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India and Nepal
Orientation 3
Display 3

ABS 342

 Code: ABS 342

  Country: India (north-east)

  Style: Late Pala Style

  Date: 1100 - 1200

  Dimensions in cm WxHxD: 5.5 x 7.5 x 3.9

  Materials: Gilt copper

Tara (the saviour, the liberator) reacts like an echo and helps with the speed of the wind. She accompanies sentient beings like the moon revolves around the earth. 
Her right hand forms the mudra of gift-bestowing (varada-mudra), and with her left hand she shows the mudra of refuge- granting (sharanagamana-mudra).The three remaining raised fingers represent the three jewels: Buddha, Dharma and Sangha. Water lilies blossom above her shoulders. She is one with her mantra: OM TA RE TU TARE TURE SOHA. Lay people can call upon her for help in times of need by simply uttering her name with devotion.
Tara is a boddhisattva who, according to tradition, vowed to manifest as a female until all beings are liberated from samsara. The devotion for Tara was popularised in Tibet by the Indian scholar Atisha (982-1054) from Vikramashila Monastery, who taught in Tibet from 1045 until his death.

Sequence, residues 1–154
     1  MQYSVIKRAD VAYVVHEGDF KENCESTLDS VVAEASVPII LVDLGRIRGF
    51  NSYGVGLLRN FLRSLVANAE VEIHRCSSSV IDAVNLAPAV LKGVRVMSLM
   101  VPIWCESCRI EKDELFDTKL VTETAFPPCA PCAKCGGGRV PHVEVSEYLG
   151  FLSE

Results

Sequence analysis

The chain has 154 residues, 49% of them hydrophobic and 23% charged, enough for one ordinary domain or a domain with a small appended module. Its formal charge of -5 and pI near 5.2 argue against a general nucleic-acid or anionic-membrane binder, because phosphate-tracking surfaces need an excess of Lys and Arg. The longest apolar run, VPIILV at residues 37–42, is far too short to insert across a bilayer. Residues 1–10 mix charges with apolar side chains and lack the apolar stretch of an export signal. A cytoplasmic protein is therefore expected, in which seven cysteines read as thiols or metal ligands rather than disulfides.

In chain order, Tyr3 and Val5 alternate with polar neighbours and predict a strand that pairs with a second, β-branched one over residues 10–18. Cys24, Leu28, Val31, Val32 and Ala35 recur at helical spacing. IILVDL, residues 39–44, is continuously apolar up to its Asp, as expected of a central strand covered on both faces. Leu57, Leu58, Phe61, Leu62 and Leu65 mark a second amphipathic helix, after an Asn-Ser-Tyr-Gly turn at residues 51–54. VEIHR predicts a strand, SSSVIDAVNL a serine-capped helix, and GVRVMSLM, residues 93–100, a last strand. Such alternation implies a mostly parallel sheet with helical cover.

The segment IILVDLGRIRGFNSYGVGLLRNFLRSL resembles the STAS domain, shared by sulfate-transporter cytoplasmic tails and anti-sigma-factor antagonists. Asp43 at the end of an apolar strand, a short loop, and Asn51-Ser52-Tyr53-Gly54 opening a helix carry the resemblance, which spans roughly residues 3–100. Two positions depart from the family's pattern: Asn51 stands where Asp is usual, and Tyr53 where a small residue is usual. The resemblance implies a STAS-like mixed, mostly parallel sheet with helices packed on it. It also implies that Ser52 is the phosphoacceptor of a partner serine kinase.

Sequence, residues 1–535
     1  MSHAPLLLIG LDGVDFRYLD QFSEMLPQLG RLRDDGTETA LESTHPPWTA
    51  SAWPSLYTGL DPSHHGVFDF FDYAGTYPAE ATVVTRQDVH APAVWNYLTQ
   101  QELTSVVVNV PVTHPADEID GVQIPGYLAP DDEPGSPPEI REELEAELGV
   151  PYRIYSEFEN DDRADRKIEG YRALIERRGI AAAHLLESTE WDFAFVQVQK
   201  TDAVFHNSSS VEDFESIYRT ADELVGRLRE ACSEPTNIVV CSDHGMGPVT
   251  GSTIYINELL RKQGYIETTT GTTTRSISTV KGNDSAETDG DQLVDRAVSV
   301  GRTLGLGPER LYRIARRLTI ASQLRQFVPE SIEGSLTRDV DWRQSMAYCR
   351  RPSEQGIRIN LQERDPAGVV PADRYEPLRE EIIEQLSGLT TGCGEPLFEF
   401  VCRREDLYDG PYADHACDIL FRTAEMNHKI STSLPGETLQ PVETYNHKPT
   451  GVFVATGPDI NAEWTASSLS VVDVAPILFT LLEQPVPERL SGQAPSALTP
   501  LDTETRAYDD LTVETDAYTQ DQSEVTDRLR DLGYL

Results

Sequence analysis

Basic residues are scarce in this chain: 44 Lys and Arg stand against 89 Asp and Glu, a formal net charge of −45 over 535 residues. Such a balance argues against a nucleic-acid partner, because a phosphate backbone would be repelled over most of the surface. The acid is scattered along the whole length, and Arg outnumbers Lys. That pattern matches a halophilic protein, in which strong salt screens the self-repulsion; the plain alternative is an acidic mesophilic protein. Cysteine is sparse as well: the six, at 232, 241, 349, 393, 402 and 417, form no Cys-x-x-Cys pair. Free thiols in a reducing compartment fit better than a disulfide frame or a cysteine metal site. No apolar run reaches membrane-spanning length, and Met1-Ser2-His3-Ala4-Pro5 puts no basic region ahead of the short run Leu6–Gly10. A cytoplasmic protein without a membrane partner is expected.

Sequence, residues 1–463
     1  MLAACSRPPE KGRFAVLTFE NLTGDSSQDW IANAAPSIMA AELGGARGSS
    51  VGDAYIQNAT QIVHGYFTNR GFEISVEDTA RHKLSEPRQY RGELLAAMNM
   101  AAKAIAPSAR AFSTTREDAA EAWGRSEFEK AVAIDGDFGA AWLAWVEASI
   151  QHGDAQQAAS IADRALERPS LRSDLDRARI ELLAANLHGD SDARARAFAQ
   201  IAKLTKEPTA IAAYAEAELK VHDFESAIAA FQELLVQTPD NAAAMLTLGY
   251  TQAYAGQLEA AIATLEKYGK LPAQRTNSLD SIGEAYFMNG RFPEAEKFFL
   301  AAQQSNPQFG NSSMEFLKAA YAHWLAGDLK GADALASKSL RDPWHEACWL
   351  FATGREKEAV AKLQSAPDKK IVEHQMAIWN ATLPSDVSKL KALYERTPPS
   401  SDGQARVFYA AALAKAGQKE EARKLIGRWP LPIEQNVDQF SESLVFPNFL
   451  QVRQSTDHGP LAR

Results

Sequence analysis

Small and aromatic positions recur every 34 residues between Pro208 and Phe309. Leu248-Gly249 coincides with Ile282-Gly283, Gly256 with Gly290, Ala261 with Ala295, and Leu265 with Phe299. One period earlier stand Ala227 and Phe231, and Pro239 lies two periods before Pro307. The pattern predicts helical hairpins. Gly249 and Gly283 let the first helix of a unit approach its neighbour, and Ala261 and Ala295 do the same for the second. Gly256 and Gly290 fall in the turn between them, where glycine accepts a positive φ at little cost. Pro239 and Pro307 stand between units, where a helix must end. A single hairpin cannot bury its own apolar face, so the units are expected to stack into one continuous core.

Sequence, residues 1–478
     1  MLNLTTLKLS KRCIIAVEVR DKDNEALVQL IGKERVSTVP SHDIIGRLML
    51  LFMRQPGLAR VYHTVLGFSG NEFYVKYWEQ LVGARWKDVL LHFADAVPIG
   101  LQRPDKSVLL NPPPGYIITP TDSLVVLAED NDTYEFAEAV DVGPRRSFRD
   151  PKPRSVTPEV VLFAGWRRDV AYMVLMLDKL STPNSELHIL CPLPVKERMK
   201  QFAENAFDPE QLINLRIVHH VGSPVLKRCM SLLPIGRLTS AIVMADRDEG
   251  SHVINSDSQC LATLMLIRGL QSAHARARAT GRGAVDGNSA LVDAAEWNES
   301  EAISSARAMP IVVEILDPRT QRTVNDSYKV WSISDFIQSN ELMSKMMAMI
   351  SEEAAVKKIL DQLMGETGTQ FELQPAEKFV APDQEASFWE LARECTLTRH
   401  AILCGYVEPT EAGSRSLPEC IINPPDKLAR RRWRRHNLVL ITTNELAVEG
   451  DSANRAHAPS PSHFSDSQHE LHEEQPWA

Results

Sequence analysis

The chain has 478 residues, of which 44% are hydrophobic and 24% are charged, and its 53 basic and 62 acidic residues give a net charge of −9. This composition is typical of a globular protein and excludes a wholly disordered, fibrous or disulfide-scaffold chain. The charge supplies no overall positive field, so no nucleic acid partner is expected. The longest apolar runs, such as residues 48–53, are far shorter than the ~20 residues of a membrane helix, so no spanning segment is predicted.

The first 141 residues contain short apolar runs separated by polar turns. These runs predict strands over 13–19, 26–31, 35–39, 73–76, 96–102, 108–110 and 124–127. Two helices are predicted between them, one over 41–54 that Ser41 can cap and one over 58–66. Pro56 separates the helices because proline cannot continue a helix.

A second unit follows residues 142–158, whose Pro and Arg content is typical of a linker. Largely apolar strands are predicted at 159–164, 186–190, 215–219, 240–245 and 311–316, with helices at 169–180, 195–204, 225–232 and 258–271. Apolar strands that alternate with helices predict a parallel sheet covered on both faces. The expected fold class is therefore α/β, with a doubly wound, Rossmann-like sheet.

Tara is a generic name for a hindu deity described in Tibetan Buddhism under 21 different forms, each with a different appearance and function, and the Green Tara (literally the “dark Tara”) is the source of all of them. She is the consort of the Buddha Amoghasiddhi and belongs thus to family of activity, but she can also be attributed to Buddha Amitabha and therefor to the lotus family.